A Brief History

The Geelong wine region embraces two distinct histories. Victoria’s first commercial vintage was produced by Swiss immigrant vignerons in 1845. By the 1860s, Geelong was the most significant wine region in Australia – in both size and stature – exporting to Europe and producing award winning wines. This burgeoning industry was abruptly halted in 1875 when the Victorian Government ordered the removal of all vines due to an outbreak of the vine pest phylloxera. The Geelong region then experienced a winemaking hiatus of nearly 100 years.

Wine enthusiasts and entrepreneurs, Daryl and Nini Sefton, appreciating the history of Geelong Wine and realising the opportunity to re-establish Geelong as a premium wine growing region, led the 1996 renaissance which now embraces more than 150 vineyards.

Today, Geelong is again a powerful force on the Australian and international viticultural stage with Geelong wines widely acclaimed as world class.


Losing and Finding the Wines of Geelong

Take a look at our Geelong wine region’s colourful history as told by Sean Mitchell in this piece commissioned for Alquimie (alquimie.com.au).

The Rise

Shortly after Geelong was established as a township in 1838, the Geelong wine region was born. Swiss immigrants shaped the early form of the vinous territory and perhaps similarly sealed the future trajectory, planting European vines in the early 1840s.[1]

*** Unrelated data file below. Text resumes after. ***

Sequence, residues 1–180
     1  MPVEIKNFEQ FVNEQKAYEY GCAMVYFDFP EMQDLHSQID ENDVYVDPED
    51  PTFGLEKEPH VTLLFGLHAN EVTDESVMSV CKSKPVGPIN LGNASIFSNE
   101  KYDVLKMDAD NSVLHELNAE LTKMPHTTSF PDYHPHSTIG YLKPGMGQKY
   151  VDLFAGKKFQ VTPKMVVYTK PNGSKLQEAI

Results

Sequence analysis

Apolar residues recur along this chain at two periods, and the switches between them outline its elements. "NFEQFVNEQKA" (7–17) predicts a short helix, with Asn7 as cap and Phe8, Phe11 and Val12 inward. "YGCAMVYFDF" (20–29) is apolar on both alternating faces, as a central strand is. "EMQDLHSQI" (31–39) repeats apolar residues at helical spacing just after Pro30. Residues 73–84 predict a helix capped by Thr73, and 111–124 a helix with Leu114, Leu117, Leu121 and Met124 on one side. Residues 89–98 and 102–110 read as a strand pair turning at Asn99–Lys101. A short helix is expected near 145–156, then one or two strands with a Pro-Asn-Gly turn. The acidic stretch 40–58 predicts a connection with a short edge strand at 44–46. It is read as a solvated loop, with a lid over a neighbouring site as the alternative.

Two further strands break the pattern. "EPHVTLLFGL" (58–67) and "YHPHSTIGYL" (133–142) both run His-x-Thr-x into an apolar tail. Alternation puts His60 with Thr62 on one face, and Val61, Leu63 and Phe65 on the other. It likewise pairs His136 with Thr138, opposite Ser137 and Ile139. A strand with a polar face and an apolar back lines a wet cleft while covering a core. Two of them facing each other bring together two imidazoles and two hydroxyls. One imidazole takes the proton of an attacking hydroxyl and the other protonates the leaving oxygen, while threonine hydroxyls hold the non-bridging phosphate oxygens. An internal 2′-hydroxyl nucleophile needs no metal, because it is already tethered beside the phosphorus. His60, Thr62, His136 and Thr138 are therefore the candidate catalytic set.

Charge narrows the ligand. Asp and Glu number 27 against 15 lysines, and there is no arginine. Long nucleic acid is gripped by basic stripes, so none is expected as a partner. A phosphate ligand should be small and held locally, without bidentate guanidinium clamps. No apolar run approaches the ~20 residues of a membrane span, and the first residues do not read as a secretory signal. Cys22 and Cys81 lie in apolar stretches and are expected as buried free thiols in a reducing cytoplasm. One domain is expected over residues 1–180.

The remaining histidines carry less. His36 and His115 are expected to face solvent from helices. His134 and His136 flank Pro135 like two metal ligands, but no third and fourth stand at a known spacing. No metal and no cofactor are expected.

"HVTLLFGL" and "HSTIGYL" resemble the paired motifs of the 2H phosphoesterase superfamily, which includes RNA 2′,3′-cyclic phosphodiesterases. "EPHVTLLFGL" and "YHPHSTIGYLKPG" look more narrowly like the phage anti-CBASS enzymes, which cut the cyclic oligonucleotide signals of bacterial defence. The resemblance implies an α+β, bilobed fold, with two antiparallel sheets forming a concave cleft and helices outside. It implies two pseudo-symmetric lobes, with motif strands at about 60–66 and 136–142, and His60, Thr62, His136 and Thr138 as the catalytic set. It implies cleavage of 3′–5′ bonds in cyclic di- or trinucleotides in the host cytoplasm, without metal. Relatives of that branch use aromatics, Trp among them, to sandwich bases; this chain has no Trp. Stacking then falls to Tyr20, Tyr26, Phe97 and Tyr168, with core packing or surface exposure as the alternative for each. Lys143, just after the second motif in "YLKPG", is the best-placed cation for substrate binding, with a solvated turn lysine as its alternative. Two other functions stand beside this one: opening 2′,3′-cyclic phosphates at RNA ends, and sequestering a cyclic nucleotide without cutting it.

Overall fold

The first winemaking vineyard in the region is generally thought to be Neuchatel Vineyard, planted in 1842 at Pollock’s Ford (Pollockford) by David Pettavel and Fredrick Breguet. [2] This site was situated on the steep banks of the Barwon River. In 1846, the vineyard was estimated to have around 20,000 vines, sowed with cuttings of both pinot noir and pinot meuniere from Dijon, France. [3] John Belperroud planted another early Geelong site – the Berramongo Vineyard –with sweetwater grapes (chasselas) between 1841 and 1843. [4] Following the cultivation of these initial outposts, many additional vineyards sprang up. The Ceres vineyard and nursery – comprising seven acres of vine and six acres or orchard – was established in 1849 by Alan and Bernard Seidel. Many of the other eager winemakers – M.Webster of Clyde Park Vineyard and Victor Cornu of Fyan’s ford (Fyansford) for example – also began making a name for themselves and their wines. The viticulture of the region began to take on a continental feel; by 1850, Geelong held approximately 64 acres of grapevines. [5]